Rolling-circle and strand-displacement mechanisms for non-enzymatic RNA replication at the time of the origin of life
Tupper and Higgs use basic chemical reasoning illustrated with ODE-level modelling to argue that pre-enzymatic replication of RNA templates would have been most successful in a "rolling circle displacement" mode, wherein a circular template is copied by a product that displaces its own tail as it goes round the template. This tail must eventually be cleaved by some kind of self-cleaving ribozyme, and ligated to form another circular template for the reaction to proceed to another generation. The authors argue that a displacement mechanism is the only way to avoid suppression of the reaction via product inhibition, wherein copies bind strongly to their templates. Going further than previous arguments, they claim that even in systems with time varying external conditions that allow separation and synthesis in different environments, products will still cause inevitable inhibition through rebinding at a critical concentration. This critical concentration is relatively low because pre-enzymatic extension of RNA on a template would have been slow. Moreover, rolling circle displacement is deemed to be better than displacement on a linear template, because linear templates suffer from the fact that the strand that is being synthesised can be easily displaced from the template at each (slow) synthesis step.
DNA computing: NOT logic gates see the light
This paper describes a NOT gate for DNA computation enabled by optical control of nucleic acid function via light-removable nucleobase caging groups. This temporal precise control using light allowed the authors the introduction of Boolean logic gates into single- and multilayer DNA circuits. The design was successfully integrated within NOT, NOR and NAND circuits demonstrating the potential of DNA circuitry.
design for minimizing product inhibition during enzymatic lignocellulose
II. Quantification of inhibition and suitability of membrane reactors
This review discusses the effect of product inhibition in the particular case of lignocellulose hydrolysis. The authors present ways of quantifying and experimentally characterise the inhibition and propose reactor designs that can minimise the product inhibition effect of the enzymatic reaction.
Perspective: Sloppiness and emergent theories in physics, biology, and beyond
This paper aims to utilise information geometry to simplify models with a large number of parameters. They make the point that in such models with many parameters, there are often multiple combinations of parameters which fit the model and that certain subsets of parameters make little difference to the predictions. This is made more formal by looking at the Fisher Information matrix (FIM) made from the parameters and finding that its eigenvalues have a roughly exponential structure, where the second largest is an order of magnitude smaller than the largest etc. This means only a few eigenvalues are relevant. Information geometry focusses on using the FIM as a Riemannian metric on the manifold of parameters. Due to the exponential structure of the eigenvalues the manifold has a ribbon like structure with boundaries corresponding to simplifications of the model. Certain combinations of parameters having little effect on the predictions translates into certain directions in parameter space being irrelevant. Following these directions to a boundary helps to simplify models. They give the specific example of a metabolic pathway being reduced from 48 parameters to 12.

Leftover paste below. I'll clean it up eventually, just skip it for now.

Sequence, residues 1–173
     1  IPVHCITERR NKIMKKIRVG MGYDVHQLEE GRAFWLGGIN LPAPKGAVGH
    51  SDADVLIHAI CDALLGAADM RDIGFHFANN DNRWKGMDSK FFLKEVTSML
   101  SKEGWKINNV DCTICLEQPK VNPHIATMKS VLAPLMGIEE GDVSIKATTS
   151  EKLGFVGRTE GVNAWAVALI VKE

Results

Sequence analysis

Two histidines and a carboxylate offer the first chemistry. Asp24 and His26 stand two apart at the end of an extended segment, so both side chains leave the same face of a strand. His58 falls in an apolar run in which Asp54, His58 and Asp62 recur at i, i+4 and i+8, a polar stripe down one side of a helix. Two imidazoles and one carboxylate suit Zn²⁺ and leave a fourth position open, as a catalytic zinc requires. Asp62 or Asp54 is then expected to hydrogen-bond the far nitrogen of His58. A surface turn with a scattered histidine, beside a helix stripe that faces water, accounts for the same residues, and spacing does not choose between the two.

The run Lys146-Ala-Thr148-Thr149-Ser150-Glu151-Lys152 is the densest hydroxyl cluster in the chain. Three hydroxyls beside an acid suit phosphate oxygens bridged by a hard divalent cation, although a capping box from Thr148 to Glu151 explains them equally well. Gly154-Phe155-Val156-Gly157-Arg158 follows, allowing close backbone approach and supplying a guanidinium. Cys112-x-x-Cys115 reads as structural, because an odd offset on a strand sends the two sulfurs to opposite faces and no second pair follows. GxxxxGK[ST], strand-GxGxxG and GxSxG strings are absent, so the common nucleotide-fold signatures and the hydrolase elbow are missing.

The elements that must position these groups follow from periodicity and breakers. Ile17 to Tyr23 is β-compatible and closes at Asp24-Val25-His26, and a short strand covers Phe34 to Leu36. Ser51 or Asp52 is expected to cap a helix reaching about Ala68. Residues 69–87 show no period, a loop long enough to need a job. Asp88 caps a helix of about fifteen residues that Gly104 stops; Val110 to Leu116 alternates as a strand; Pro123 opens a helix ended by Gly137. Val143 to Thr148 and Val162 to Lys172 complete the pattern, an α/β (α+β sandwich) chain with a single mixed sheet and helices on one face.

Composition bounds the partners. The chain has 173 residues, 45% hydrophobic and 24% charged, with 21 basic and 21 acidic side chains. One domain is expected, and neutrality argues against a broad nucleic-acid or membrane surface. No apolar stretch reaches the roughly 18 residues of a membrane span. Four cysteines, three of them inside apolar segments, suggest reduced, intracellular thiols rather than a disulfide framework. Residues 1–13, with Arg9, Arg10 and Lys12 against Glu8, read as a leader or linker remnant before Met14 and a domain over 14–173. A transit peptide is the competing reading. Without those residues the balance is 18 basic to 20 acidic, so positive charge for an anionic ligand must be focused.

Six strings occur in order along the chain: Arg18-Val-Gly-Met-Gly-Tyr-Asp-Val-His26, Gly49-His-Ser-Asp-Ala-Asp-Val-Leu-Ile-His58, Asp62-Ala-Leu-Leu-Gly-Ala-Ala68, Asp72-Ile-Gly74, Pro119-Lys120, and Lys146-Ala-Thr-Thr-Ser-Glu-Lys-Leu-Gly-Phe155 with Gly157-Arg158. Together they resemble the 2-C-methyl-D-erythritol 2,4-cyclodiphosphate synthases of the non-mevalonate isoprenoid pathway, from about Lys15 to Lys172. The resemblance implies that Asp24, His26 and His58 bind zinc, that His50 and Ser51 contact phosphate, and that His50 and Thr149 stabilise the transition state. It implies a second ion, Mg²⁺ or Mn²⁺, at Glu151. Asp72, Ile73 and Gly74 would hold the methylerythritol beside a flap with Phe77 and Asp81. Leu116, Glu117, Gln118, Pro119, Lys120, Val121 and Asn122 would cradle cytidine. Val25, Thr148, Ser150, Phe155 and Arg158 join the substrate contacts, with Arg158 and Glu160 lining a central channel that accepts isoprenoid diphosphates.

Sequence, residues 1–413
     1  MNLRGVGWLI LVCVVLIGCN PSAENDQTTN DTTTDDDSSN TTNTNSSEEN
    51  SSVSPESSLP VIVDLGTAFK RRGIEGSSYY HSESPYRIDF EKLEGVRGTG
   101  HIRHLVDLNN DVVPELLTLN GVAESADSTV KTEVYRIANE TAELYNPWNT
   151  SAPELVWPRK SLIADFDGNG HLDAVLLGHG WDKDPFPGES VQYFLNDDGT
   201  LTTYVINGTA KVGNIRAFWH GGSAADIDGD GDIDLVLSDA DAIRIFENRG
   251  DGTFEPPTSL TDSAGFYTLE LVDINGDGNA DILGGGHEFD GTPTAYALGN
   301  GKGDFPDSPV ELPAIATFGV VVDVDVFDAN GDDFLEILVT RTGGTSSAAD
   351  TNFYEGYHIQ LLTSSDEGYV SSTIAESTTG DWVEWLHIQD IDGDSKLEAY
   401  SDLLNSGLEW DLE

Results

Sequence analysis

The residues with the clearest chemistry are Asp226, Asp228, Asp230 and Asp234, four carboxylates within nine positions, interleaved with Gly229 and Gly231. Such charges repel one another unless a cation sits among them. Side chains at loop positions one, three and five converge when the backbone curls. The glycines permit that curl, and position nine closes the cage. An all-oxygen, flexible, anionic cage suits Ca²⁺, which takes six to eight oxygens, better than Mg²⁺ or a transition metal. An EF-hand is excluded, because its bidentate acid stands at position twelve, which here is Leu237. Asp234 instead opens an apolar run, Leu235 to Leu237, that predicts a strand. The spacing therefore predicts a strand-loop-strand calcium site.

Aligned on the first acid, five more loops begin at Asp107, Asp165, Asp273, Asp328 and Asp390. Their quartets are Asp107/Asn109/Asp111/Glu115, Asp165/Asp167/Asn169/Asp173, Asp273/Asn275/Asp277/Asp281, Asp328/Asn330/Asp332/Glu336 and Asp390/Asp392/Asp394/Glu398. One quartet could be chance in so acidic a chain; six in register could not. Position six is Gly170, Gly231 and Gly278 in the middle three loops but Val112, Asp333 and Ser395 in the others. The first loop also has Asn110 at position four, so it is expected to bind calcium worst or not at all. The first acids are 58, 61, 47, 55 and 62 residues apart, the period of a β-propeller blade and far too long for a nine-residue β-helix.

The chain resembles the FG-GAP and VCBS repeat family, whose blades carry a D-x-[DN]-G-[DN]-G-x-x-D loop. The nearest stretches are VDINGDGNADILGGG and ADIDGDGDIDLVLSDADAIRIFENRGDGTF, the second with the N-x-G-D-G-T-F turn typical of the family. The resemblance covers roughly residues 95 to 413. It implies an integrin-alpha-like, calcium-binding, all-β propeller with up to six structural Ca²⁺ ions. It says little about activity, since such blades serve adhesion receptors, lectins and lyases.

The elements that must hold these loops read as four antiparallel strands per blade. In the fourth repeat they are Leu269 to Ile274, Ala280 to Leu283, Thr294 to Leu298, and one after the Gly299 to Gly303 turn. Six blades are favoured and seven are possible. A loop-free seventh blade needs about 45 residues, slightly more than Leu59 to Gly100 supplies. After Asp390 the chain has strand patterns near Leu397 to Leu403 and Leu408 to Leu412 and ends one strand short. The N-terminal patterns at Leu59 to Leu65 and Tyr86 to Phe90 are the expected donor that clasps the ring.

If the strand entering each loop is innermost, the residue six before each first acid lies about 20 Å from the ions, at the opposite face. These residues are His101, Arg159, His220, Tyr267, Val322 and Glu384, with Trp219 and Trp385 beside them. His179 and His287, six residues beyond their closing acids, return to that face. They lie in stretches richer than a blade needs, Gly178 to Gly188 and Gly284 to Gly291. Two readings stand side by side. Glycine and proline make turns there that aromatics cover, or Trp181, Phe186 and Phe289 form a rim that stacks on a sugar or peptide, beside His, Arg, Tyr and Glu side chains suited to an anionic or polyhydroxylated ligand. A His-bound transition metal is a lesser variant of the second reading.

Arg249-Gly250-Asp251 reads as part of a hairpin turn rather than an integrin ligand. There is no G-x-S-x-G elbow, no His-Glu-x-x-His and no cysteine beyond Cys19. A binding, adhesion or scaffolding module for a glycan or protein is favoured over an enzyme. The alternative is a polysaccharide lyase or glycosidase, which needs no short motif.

Kinetics of heterochiral strand displacement from PNA-DNA heteroduplexes
DNA comes in two distinct enantiomers (L-DNA and D-DNA). These enantiomers can not form base pairs with each other. This paper develops a reaction known as heterochiral strand displacement which allows displacement of one enantiomer by the other using an achiral substrate strand made from PNA. This study undertakes an extensive characterisation of the kinetics of heterochiral strand displacement across a range of toehold lengths and mismatch positions. Heterochiral strand displacement is particularly useful when considering introduction of nanodevices into cells, as L-DNA will not interfere with native cellular molecules or be recognised by nucleases.